Researchers have come up with a cheap and easy process for storing solar energy, in a finding that could provide one of the final elements for efficient solar power systems: the ability to store excess energy in a battery for use later when the sun isn't shining. Researchers are euphoric about their invention, which could mark a great leap forward in solar technology; previous experimental batteries used to store solar energy have been bulky, expensive and inefficient.
“This is the nirvana of what we’ve been talking about for years,” said [lead researcher Daniel] Nocera in the press release. “Solar power has always been a limited, far-off solution. Now we can seriously think about solar power as unlimited and soon” [Christian Science Monitor].
The new technique involves the standard process of electrolysis, in which a current is run through a liquid and used to split apart its chemical components. In this case, water is broken down into oxygen and hydrogen, which can be stored and recombined to power a hydrogen fuel cell.
Current methods of producing hydrogen and oxygen for fuel cells operate in a highly corrosive environment, Nocera said, meaning the entire reaction must be carried out in an expensive highly-engineered container. But at MIT this week, the reaction was going on in an open glass container about the size of two shot glasses that researchers manipulated with their bare hands, with no heavy safety gloves or goggles [Reuters].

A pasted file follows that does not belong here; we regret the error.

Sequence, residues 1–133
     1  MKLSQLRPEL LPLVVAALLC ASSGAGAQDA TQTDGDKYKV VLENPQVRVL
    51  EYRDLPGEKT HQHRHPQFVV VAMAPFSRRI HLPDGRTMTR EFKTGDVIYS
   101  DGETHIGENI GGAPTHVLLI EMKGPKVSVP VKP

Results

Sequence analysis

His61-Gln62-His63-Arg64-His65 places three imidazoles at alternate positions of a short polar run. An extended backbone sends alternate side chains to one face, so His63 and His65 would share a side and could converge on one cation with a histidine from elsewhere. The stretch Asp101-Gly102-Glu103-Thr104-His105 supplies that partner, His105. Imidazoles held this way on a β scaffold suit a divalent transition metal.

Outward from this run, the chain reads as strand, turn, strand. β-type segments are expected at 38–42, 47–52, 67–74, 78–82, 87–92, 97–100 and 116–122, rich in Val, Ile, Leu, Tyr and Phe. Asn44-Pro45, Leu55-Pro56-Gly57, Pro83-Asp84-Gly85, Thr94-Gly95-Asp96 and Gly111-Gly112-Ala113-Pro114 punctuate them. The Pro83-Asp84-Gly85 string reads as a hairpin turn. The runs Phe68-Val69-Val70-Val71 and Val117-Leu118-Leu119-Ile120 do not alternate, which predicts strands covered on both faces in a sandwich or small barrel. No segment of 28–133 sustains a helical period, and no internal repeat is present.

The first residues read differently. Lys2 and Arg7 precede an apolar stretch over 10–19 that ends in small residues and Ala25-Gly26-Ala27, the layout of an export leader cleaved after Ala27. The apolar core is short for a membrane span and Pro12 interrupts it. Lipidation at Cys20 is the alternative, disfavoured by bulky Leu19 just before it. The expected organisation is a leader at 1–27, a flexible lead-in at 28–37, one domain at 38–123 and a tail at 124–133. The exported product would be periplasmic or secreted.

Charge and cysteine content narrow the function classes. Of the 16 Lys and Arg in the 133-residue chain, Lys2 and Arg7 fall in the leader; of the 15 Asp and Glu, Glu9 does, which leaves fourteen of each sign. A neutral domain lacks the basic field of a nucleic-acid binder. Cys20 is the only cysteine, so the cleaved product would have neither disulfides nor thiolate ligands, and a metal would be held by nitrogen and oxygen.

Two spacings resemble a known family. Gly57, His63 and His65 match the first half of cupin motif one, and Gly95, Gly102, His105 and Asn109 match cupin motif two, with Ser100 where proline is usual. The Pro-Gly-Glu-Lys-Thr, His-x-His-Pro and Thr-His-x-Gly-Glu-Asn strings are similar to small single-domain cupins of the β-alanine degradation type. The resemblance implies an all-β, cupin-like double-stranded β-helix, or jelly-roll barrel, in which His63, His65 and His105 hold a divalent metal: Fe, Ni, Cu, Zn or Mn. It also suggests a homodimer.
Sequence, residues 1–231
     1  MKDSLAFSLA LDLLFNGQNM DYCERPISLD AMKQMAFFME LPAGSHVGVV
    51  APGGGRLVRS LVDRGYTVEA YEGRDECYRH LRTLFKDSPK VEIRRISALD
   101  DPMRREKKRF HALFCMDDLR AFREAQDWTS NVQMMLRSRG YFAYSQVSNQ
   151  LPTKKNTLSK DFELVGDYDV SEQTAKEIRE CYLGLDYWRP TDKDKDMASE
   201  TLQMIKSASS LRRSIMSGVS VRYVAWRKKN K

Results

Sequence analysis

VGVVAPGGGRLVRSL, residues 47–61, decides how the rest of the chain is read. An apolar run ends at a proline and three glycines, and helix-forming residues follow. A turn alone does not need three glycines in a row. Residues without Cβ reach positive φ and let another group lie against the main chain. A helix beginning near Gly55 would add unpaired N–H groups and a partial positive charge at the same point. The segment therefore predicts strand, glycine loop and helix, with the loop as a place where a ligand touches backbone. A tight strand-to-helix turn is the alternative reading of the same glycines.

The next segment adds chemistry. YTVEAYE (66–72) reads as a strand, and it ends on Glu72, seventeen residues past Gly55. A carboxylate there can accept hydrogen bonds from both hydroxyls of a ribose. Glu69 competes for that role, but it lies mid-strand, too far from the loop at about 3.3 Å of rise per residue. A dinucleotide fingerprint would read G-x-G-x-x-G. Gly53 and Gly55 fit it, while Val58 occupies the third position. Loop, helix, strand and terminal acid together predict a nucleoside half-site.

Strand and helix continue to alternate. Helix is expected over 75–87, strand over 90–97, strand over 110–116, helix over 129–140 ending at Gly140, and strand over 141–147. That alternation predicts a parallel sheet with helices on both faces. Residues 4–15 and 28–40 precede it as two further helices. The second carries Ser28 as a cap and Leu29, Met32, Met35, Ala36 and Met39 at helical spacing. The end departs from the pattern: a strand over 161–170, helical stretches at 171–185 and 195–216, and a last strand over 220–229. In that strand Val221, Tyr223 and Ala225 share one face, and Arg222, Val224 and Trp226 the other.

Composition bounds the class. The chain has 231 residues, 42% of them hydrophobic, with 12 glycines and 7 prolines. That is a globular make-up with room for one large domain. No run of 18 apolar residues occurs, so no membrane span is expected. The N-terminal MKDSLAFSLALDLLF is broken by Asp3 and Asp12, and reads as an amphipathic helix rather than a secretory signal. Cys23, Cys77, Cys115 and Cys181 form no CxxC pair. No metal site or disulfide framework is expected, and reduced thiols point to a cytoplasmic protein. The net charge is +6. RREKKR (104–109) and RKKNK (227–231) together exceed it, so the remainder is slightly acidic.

The researchers' breakthrough was the creation of a new catalyst for the electrolysis reaction, using the common elements cobalt and phosphate. The report, published in the journal Science [subscription required], is provoking speculation that the technology could do more than power houses at night; it could also figure into a larger switch to a "hydrogen economy," in which fuel cells could be used as a clean energy source to power everything from cars to factories. Biochemist James Barber says that this work "opens up the door for developing new technologies for energy production, thus reducing our dependence on fossil fuels and addressing the global climate change problem"
. While much more research needs to be done to test the system's economic viability, Nocera says he hopes commercial products will be available within a decade. Image: MIT/National Science Foundation